Although polar bears have survived changes in their environment for thousands of years, there are so many more factors contributing to their possible extinction right now. They are now interacting with oil, plastics, and other pollutants that are highly toxic and dangerous if ingested. They are coming in contact with more boating vessels that disrupt their habitats and introduce them to oil and other toxic substances. The major climate change due to pollution of our planet is also taking a major toll on them by melting ice floes and making them move inland.

By monitoring polar bear populations and living territories, we will be able to see if the population is increasing, and if it is increasing, where. We will also be able to see if polar bears are moving inland, or starting to go back to original territories. By monitoring the population of ringed seals and their migratory patterns, we will be able to see how long the feeding period for polar bears is, see if there is an increase or decrease in ringed seal population, if it is affecting polar bears, and if the polar bears move further out when the ringed seals come. By regulating boating in the Arctic, we will be able to see if the boats contribute to the breaking of the ice floes, and if more polar bears die when boating is occurring in their habitats. By putting the polar bears on the endangered species list, we will be able to prevent polar bears from being hunted by the indigenous people of the Arctic regions, and more people will be reaching out to help the polar bears.

If we, as people, do our part to prevent global warming from escalading, polar bears may once again be able to thrive. We can do this by preventing so many commercial boating companies from polluting the Arctic, stop littering since it all eventually goes to the ocean, and be more eco-friendly by recycling, inventing automobiles that are better for the environment, and stop polluting the planet with green house gases that are contributing to global warming. Simple steps such as using walking or biking as a form of transportation a few days a week and not leaving lights, computers, or other electric appliances on can prevent some carbon emissions can make a difference. If we do not act now, we may lose these wonderful animals forever (Causesofglobalwarming.net, 2008).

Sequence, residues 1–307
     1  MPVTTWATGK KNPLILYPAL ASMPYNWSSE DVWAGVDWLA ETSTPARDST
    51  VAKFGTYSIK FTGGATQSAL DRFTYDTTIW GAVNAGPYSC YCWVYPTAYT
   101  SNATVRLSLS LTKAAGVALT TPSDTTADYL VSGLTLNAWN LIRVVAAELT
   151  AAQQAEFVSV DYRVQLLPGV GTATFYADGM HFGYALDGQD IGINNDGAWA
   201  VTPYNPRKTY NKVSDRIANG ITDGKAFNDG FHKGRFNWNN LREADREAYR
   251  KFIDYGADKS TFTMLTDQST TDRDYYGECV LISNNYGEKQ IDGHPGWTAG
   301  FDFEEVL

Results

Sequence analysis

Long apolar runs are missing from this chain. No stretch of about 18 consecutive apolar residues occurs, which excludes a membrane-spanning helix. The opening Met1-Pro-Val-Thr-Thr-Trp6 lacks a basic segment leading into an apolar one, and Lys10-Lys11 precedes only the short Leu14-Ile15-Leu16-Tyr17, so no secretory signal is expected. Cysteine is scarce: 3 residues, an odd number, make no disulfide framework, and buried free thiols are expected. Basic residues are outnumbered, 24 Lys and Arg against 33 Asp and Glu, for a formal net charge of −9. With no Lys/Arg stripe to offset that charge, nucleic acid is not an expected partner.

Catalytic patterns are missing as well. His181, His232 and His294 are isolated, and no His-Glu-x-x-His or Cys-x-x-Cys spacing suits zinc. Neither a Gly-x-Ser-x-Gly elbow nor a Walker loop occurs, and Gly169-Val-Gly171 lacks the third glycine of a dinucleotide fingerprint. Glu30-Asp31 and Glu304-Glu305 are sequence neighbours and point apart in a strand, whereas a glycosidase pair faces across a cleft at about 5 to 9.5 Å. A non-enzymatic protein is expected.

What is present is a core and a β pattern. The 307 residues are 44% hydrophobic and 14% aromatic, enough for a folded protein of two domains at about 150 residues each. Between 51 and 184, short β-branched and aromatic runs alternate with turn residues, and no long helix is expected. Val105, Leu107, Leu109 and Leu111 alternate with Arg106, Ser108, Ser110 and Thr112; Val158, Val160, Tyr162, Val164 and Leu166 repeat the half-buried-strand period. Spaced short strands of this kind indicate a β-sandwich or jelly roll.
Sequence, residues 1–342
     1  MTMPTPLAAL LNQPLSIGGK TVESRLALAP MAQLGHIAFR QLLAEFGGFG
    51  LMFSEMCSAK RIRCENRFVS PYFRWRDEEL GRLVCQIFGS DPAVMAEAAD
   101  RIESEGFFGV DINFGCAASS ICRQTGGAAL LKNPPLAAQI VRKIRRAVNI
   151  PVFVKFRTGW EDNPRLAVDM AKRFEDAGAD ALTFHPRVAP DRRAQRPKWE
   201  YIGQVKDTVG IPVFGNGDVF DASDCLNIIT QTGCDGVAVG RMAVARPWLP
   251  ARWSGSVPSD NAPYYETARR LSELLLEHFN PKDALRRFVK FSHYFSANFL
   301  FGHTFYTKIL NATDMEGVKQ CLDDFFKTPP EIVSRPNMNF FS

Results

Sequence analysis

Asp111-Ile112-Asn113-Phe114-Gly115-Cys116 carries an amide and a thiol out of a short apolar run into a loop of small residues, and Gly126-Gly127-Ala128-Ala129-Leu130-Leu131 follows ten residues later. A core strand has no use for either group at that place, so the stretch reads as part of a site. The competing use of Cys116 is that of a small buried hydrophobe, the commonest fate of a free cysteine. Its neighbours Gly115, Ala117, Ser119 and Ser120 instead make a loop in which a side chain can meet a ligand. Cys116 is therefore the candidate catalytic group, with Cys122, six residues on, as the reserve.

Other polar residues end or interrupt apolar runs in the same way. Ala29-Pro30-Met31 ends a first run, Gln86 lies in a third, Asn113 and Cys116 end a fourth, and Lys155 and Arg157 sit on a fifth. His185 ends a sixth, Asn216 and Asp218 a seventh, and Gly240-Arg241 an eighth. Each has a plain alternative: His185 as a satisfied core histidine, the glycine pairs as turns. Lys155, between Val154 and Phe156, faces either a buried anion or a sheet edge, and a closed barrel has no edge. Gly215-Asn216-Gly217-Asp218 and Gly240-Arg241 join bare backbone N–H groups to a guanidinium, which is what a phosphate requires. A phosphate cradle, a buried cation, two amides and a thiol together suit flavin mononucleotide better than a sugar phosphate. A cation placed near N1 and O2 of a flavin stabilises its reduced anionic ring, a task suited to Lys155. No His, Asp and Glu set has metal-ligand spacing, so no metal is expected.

Ringed Seals
The population of ringed seals is declining at an alarming rate do to the melting ice caps. If we don't do something soon, ringed seals will end up on the endangered list. The major problem is global warming is that the ice floes are melting due to the warming temperature. The ringed seals depend on the ice floes for protection and for access to their feeding grounds (Smol, 2009).

Ice packs have begun breaking up earlier than in the past due to global warming, this causes the ringed seals to become easier prey for the polar bears. The pups are very dependent on the ice lairs because it keeps them safe until they are old enough to be on their own. Without these lairs the pups are more vulnerable to exposure and predators, and they also develop a poorer body condition. If the pup's mother dies before the pup matures, the pup will die. Polar bears rely greatly on the ringed seal as a main food source, and if the seal pups continue dying off, the population of this species will continue to rapidly die off.